Tuesday, March 31, 2009

Interpret my dream? Please?

Hello. Its been a while since an angsty post.

I woke up this morning from a disturbing ex-boyfriend dream thanks to Facebook.
Facebook is a funny little old social networking phenomenon that we could do without. But we won't for some deep, dark, ugly reason. (Not something I find as practical as Twitter.)

The facebook facts: I know that this ex, a baby faced older man (no, not the divorced one) is now quite a success. His businesses are now set up in a few countries- two in Southeast Asia and one here in Australia. Thanks to curiousity and the internet, I read a few articles written about him. Looks like he moved here in the last few years and set up an office here and has a good project pipeline.

Why does he have to come here? AND WHY did I have to dream that I met up with him again? And where was my husband and baby in that dream?

Wednesday, March 18, 2009

You can't have Dora

I read a good article in the Sydney Morning Herald's Good Weekend while having my Saturday morning tea. Mia Freedman asks the question what we mothers teach our young daughters when we buy tea sets, fairy outfits, mini kitchens, baby dolls complete with nappies, strollers etc. OR WORSE, Barbie dolls!!! (emphasis mine) How do we teach them to be strong, independent women? Any parent who has a daughter, like myself, finds themselves in this predicament at some point.

The article ends with thank god for Dora the Explorer- "she's short, squat" with "a no-nonsense haircut". Yep, Dora is currently a hero to millions of young girls, mainly pre schoolers. She dresses in a plain t-shirt and shorts, carries a utilitarian backpack with a map in it as she explores with her sidekick monkey friend.

A new Dora The Explorer doll was unveiled a few days ago. Apparently this new doll is supposed to appeal to the "tween" market (often the domain of those slutty Bratz dolls).

If my daughter was a tween, she would of course prefer an age-appropriate doll- and I would rather she had a tween Dora than a Bratz doll any day.
Check out these Bratz dolls!

A US federal judge had the good sense to ban toymaker MGA from making any more of the pouty-lipped, provocatively dressed dolls.
One point for womankind, zero to the marketing fatcats at toy companies.

Tuesday, March 03, 2009

Real estate hunt. part 2

We are true blue real estate opportunists. Thanks to the economic downturn, the price of real estate has plummeted somewhat and we're on the hunt for property in Mosman again. Buyers are staying away from the AUD$ 1.5-2 million price range and yes, beautifully designed and renovated water-view bargains are to be found in this area. Check out Mosman's listings on domain.com.au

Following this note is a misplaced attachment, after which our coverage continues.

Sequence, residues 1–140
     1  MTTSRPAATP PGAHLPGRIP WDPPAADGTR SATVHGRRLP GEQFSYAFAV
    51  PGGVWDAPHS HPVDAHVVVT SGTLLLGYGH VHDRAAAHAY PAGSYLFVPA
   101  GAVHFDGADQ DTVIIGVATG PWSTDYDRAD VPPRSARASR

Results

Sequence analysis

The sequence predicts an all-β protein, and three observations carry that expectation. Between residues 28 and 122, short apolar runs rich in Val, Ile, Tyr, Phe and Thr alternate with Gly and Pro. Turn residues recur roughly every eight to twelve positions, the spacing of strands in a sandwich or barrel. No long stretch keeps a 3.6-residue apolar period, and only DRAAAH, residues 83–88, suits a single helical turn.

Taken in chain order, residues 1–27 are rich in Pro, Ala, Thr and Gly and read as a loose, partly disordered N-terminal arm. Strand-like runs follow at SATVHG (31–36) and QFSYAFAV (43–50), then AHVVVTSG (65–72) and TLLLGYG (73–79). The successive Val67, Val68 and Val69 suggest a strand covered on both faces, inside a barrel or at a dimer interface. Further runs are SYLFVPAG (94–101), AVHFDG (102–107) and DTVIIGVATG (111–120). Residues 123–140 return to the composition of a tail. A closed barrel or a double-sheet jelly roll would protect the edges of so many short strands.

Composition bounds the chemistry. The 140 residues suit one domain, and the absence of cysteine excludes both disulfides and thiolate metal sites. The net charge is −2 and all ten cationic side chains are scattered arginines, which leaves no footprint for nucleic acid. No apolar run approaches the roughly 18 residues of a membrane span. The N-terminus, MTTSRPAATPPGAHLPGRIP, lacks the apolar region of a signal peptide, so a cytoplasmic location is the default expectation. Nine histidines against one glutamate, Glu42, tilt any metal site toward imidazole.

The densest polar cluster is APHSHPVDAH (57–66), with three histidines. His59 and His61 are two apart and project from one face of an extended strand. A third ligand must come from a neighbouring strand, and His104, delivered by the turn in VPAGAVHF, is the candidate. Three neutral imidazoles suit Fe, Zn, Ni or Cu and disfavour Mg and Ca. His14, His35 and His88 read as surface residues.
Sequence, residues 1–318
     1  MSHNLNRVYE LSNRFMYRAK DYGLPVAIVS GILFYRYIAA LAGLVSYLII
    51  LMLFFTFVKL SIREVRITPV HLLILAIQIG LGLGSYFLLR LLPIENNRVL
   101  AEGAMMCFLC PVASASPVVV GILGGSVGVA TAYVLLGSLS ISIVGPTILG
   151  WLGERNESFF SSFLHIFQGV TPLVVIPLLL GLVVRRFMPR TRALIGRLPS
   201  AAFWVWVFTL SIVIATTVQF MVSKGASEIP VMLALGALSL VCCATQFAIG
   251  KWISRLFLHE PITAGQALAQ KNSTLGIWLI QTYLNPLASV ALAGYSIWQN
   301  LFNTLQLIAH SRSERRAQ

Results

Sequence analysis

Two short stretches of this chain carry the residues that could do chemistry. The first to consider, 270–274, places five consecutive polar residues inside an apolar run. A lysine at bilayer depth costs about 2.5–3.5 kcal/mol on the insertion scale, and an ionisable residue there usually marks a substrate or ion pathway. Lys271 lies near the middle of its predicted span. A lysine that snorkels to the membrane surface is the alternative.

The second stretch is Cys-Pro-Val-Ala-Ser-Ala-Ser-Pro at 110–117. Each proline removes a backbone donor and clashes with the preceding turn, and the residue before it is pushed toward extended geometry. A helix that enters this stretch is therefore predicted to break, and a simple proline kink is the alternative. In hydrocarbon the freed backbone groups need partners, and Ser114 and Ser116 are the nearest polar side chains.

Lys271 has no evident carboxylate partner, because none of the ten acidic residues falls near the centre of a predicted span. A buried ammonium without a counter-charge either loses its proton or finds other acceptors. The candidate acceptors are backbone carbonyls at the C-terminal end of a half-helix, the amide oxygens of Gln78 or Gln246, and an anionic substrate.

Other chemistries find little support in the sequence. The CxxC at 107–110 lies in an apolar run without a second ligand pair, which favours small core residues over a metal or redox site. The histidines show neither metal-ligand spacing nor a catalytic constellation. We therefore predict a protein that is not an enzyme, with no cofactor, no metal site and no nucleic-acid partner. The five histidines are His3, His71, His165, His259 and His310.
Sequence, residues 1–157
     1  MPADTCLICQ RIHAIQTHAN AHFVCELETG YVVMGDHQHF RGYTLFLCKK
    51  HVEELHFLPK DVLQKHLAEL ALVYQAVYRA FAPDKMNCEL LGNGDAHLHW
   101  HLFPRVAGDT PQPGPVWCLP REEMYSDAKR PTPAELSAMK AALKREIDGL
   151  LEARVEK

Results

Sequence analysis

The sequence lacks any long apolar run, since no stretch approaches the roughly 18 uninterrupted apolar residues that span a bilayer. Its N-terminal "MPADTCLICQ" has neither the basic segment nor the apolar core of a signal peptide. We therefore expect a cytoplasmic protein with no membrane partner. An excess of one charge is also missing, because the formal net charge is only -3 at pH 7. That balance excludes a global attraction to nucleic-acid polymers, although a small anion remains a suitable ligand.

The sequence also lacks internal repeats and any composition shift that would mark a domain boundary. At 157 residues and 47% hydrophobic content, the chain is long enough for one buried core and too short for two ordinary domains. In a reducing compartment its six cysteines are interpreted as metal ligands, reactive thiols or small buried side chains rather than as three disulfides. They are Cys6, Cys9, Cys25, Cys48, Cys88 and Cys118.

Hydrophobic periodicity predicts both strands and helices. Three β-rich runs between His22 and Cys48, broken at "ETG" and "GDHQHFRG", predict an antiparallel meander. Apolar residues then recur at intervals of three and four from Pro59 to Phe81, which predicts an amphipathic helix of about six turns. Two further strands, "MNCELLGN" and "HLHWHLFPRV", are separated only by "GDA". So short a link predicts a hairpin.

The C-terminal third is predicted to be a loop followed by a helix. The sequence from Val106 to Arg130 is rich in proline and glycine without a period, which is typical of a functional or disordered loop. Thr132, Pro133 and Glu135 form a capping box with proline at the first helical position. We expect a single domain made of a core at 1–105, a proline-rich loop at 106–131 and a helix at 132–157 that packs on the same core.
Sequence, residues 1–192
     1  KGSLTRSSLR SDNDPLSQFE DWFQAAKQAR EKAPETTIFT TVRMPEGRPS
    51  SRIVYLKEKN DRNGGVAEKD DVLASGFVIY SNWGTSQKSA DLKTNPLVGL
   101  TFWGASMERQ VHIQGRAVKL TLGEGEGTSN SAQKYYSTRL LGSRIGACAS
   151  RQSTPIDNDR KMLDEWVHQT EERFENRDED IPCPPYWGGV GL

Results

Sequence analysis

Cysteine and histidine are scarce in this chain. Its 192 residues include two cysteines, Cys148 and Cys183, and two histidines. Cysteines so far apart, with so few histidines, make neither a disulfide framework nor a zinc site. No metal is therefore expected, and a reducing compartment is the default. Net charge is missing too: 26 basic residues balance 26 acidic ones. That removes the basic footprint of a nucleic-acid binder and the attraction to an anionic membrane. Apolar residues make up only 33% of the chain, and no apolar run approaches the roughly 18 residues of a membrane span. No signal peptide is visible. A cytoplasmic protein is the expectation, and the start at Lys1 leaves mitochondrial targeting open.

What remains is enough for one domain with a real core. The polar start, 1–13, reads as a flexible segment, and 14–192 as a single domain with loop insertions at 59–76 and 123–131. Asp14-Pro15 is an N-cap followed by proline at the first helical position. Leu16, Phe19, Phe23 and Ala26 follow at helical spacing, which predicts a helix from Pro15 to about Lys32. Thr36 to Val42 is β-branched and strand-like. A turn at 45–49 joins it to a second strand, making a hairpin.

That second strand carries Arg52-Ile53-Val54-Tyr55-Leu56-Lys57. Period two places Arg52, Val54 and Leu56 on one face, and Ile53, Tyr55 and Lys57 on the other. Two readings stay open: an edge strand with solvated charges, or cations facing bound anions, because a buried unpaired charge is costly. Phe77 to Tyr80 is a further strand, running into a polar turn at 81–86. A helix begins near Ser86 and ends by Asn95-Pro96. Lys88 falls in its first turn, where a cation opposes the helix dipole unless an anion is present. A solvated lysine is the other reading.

Cue vintage Duran Duran please.
"In touch with the ground,
I'm on the hunt, I'm after you
Scent and a sound, I'm lost and I'm found
And I'm hungry like the wolf"

We won't be able to afford waterfront property where you can park a boat (if we had one, we'd buy a place to park it!) for another 10 years, so we are settling for water views instead.
WHY is Mosman our suburb of choice?

View Larger Map
W-ELLL.... it's near Balmoral beach, Manly beach, it's near Taronga Zoo, it's leafy and quiet.

In the afternoon, we spend some time on Balmoral Beach.

I love cool sand between my toes. I could get used to living here. My little girl loves the beach.

Even later on in the afternoon, we ended up in Haberfield, the Italian suburb that still considers itself authentic, after Leichardt became all commercialised as THE Little Italy of Sydney. We have coffee and sweets at famous Pasticceria Sulfaro on Ramsay Street. It's a family business that has been there for more than 50 years.

I'm no foodie like Helen of GrabYourFork, BUT I had to take a picture because I thought the china was so kitsch and the Southern Italian sweets were too pretty for words. The food was heavenly. Our baby was content to sit on my lap gurgling and playing. Yes. Carry a bag full of little toys that keep little people busy.

At the end of the day we did find a few bargains- we registered our interest in those properties, will view them again, get the finances in order etc. Very excited and anxiously keeping tabs on domain.com.au.

Sunday, March 01, 2009

The juidicial system in Malaysia through a theoretical framework. And some free consulting.

Quickie blog:

And now folks, let's look at justice (and its decay) in Malaysia through Kohlberg's (1958) Stages of Moral Reasoning. Laurence Kohlberg was a psychologist who charted stages of the development of moral reasoning from childhood to adulthood. There are six stages in all, each two stages belong in 3 levels.
Aw, why not? It's hella *FUN*FUN*FUN*. Not that I'm hoping to make a difference at all by writing this- I have neither the grandiose ego nor the audacity of hope nor the illusion that real life=cyberspace.

Level 1 (Pre-Conventional behaviours exhibited by children and some adults)